BEIRUT, Lebanon -- Time is running out for rival factions in Lebanon to agree on a replacement for President Emile Lahoud whose term of office expires at midnight Friday.
Despite weeks of French-led mediation, the country's Sunni and Shiite communities are in disagreement and Christians remain divided into two camps, The Washington Post reported.
Lebanon's political system mandates the country have a Sunni prime minister, a Shiite parliamentary speaker and a Christian president.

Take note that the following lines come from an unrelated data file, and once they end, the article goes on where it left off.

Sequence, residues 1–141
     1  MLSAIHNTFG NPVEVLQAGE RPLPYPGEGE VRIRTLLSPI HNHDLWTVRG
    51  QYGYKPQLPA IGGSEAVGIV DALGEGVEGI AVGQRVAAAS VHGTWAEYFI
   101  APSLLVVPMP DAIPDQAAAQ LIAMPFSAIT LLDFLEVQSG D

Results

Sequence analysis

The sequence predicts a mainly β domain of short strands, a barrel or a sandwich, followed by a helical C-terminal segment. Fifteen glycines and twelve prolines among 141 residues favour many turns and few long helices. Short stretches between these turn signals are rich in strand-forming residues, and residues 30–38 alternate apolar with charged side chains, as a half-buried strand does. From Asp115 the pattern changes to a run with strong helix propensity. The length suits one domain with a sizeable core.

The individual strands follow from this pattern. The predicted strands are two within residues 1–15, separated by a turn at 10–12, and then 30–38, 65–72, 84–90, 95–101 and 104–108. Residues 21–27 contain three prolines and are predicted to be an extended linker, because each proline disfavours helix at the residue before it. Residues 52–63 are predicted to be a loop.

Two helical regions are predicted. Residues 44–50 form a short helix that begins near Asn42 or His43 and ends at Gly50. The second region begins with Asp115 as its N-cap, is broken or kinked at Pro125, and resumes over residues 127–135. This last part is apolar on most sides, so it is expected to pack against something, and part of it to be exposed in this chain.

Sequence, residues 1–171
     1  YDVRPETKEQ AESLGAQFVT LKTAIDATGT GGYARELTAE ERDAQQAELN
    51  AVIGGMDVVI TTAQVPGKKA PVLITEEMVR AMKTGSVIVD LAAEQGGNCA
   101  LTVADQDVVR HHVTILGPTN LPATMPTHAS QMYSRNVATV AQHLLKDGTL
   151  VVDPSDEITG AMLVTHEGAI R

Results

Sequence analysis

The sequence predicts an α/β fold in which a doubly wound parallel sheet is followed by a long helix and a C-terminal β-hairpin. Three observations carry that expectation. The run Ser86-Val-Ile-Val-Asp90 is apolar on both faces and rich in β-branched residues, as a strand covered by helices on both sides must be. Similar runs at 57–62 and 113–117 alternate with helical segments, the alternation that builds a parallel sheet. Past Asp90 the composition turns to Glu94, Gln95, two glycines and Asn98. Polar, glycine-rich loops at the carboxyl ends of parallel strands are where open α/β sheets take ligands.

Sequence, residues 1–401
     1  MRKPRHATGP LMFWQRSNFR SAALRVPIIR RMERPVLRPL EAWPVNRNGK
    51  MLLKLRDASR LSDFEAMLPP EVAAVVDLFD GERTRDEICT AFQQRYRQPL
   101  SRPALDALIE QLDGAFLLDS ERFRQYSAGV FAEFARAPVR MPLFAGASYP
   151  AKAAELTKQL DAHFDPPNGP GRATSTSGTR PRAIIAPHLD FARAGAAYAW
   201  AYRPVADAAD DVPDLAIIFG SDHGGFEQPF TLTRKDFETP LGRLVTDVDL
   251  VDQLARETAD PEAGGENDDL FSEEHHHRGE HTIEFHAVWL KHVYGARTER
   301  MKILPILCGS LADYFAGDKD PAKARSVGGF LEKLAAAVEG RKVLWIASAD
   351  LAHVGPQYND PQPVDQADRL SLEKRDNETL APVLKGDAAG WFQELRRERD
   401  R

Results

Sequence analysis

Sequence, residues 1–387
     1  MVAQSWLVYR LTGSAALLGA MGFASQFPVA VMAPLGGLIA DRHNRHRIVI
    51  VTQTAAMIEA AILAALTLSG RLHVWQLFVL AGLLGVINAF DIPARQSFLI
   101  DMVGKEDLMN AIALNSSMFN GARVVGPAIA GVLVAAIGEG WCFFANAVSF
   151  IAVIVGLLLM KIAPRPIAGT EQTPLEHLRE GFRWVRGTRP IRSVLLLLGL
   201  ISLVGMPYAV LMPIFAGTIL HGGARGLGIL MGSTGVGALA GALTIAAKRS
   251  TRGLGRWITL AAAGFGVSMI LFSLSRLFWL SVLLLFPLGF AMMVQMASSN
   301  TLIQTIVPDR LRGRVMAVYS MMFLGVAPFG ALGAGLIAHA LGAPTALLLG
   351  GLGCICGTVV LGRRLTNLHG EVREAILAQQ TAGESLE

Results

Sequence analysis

The stalemate in parliament over selecting a successor for Lahoud is viewed as the worst crisis since the country's 15-year-long civil war.
On one side is a coalition around the U.S.-backed government while on the other is an alliance between Hezbollah and Christian followers of a former general, the Post said.
Lahoud said he could name the head of the army as caretaker leader in the event a compromise isn't reached by the midnight Friday deadline.
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